Most of his supporters, however, are willingly or even enthusiastically accepting the white supremacy as part of the total package. Look people, Trump voters are not new. They are the same people who voted for George Wallace, Jesse Helms, and David Duke. (While Duke lost the Louisiana governor's race, a majority of whites voted for him.)  Going back at least to Andrew Jackson there has been a place for the politics of white racial resentment pitched to the white working class, and working class whites more than happy to turn out in support. Trump is part of that tradition, but has incited more support than the likes of Pat Buchanan due to his novelty, political savvy, and media manipulation.

There are plenty of working class whites who do not respond to Trump's poison. Those are the voters that Democrats need to cultivate, the ones willing to be part of a multi-racial coalition. As far as those whites that don't, they just aren't needed anymore, and it would be insulting to the people of color who vote Democrat for the party to court that vote.  The Democrats rode the New Deal coalition of white workers, southern whites, African Americans, and educated liberals to victory for over three decades. That coalition was broken (after years of weakening) by Nixon's Southern Strategy and culture war appeals. Now the Democrats can forge a new, equally powerful coalition. African Americans, Latinos, Asians, the youth of all races, educated liberals, a big chunk of white workers, and a large portion of white women (still not a majority) vote for the Democrats. Instead of wooing whites who cling to skin privilege, the Democrats should build this other coalition, which has the potential to leave Trump battered come November.

Saturday, May 21, 2016

Mopey Mid-80s Pop Music

In lieu of a track of the week this week, I thought I'd write a little something about a very strange subgenre: mopey mid-80s pop. The music hitting the charts in the 1984-1986 period rarely sounds timeless to our ears today, considering how it incorporated production techniques that have aged poorly. Pop music today is produced within an inch of its life, but it sounds like a Ferrari.  Pop tunes like "All About That Bass" are the aural equivalent of the CGI cities being destroyed at the end of superhero movies: able to be enjoyed purely on technical merits, even if they're pretty soulless. By comparison, those mid-80s songs sound like a 1985 Datsun hatchback with a loose muffler. But the gauzy layers of nostalgia allow me to enjoy them, regardless.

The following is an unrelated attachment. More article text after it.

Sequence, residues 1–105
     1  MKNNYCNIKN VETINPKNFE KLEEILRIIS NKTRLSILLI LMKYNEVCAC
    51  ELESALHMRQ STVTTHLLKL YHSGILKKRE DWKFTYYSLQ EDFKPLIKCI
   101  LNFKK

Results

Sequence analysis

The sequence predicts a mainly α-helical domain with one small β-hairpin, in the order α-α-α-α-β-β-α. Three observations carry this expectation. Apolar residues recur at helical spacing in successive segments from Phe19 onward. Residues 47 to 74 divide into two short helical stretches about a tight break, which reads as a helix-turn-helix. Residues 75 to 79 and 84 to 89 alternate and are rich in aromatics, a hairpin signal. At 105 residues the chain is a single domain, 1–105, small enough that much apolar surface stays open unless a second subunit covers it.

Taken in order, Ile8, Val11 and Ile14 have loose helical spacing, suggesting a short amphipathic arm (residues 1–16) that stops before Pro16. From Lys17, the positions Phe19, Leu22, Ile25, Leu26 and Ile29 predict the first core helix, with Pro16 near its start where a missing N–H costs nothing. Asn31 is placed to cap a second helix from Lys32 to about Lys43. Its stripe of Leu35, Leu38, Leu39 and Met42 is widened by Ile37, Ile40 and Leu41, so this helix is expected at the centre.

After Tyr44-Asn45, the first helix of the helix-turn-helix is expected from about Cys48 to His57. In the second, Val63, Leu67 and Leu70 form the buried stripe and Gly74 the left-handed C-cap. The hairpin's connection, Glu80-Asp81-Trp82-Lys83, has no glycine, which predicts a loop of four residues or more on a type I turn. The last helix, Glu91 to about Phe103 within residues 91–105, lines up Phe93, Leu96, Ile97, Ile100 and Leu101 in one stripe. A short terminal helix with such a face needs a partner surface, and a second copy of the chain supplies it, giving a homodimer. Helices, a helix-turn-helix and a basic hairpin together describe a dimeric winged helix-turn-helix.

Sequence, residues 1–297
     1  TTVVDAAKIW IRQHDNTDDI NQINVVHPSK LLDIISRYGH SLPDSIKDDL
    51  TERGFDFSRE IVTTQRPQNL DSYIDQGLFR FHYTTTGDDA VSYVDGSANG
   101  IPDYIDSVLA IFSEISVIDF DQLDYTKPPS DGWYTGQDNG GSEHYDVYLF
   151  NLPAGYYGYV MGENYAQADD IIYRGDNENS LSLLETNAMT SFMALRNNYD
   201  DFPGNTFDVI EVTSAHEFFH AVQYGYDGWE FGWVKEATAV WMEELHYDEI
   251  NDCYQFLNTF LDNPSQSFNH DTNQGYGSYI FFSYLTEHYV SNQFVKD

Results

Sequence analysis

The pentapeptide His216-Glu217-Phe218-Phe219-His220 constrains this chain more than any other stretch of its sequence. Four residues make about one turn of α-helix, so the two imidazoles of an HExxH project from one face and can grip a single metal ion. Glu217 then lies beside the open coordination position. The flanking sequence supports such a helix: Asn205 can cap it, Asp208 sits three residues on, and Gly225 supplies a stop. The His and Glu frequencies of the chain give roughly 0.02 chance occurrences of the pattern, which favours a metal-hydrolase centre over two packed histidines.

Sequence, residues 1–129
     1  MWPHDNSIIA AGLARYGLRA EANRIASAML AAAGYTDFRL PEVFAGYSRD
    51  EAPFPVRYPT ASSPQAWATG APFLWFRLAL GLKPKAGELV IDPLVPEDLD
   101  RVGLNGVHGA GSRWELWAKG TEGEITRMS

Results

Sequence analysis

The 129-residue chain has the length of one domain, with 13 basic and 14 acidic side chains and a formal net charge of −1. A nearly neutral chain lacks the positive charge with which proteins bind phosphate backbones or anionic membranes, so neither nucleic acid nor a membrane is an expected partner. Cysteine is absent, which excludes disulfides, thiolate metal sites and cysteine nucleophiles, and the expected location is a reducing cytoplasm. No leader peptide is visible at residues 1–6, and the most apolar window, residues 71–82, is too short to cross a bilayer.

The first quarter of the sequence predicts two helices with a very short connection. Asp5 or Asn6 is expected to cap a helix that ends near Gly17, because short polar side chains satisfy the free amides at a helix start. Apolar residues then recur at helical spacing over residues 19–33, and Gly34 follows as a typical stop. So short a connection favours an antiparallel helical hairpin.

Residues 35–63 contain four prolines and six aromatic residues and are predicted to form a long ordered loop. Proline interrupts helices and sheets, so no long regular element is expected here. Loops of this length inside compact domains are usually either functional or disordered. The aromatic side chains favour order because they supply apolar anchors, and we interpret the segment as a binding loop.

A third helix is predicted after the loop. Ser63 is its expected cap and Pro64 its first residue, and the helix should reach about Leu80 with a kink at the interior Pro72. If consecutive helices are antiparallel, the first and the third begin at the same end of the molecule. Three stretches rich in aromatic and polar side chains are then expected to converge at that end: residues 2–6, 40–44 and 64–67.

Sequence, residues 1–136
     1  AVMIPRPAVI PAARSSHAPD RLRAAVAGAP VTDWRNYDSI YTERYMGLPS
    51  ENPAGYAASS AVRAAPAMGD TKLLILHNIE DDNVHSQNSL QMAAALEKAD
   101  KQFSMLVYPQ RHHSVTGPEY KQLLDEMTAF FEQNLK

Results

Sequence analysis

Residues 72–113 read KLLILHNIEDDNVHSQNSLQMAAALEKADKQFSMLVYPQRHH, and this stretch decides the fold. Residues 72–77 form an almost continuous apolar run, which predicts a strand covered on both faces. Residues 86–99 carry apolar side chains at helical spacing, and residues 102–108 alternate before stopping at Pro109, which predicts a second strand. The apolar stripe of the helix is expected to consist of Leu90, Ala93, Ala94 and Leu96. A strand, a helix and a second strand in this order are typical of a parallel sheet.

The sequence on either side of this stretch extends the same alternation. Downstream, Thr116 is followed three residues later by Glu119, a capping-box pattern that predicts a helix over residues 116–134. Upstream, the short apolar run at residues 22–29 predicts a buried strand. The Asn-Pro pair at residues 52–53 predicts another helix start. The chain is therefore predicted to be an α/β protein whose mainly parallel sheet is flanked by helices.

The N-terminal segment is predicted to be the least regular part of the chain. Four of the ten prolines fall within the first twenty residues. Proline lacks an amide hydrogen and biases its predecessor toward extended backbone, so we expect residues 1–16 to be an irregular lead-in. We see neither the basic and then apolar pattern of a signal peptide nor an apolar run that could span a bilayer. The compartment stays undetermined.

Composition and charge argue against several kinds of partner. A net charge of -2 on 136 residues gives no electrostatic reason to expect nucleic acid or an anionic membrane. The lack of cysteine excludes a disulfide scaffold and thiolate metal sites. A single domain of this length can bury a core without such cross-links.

In the midst of the bold, over the top productions of the mid-80s that reflected the Reagan era's confidence and materialism, there were sour notes. Many of them come from British artists, which might say something about the popular response to Reagan as opposed to Thatcher.  Here are some of those songs, overproduced and shiny in many cases, but nowhere near "Walking on Sunshine."

Mike + The Mechanics "Silent Running"

This song is the inspiration for this list. I heard it mentioned on the Beyond Yacht Rock podcast last week, and remembered the uncanny feelings this song would give me as I heard it coming out of the radio on a dark 80s night. As you would expect from a band including one of the members of Genesis, there's a strange prog rock shaggy dog story about some kind of dystopic future involving space travel. It's amazing that anything so obscure made it so high on the charts, but the synths and effects-laden guitar fit right in with 1985.

Simply Red, "Holding Back The Years"
Man, this has got to be one of the biggest downers to make it big in the days of hairspray and spandex, the 80s equivalent of "What Becomes Of The Broken Hearted." Despite the overly smooth accompaniment and soprano sax, I actually really like this song. It reminds me of rainy spring afternoons and having to stay inside during recess. On those days I would feel a kind of wistful sadness. Yes, I was a strange kid.

Wham! "Careless Whisper"

Speaking of sax, this song has perhaps the most iconic sax riff of its era, and that's saying something. Coming at the end of the Make It Big album, it throws cold water on an affair that began with the Big Brother Reagan Loves Me opener "Wake Me Up Before You Go Go." Now George Michael is telling us in a distraught voice that "I'm never gonna dance again." Just 40 minutes before he had yelled out "take me dancing tonight!" Perhaps the whole transition is a bigger metaphor for the exuberance of neoliberalism souring in later years.

Human League, "Human"

Even in 1986 I thought it was silly that a group called Human League would put out a song called "Human."  It's a far cry from their breakout music of the early 80s, which delights in the uptempo fun of synth pop even when telling the tale of heartbreak that is "Don't You Want Me." Nope, this song is just mopetastic. So much so that I think it was created in a lab for songs to be played in the waiting rooms of dentists' offices.

Mr Mister "Broken Wings"

If there's anything sillier than the Human League putting a song out called "Human," it's a band calling itself Mr Mister. It's easy for me to laugh now, but I loved this song when it came out. "Broken Wings" coincided with the earliest stirrings of my adolescence and all the emotional volatility that it implied. Perhaps that's why all this mopey music appealed to me.

The Cars "Drive"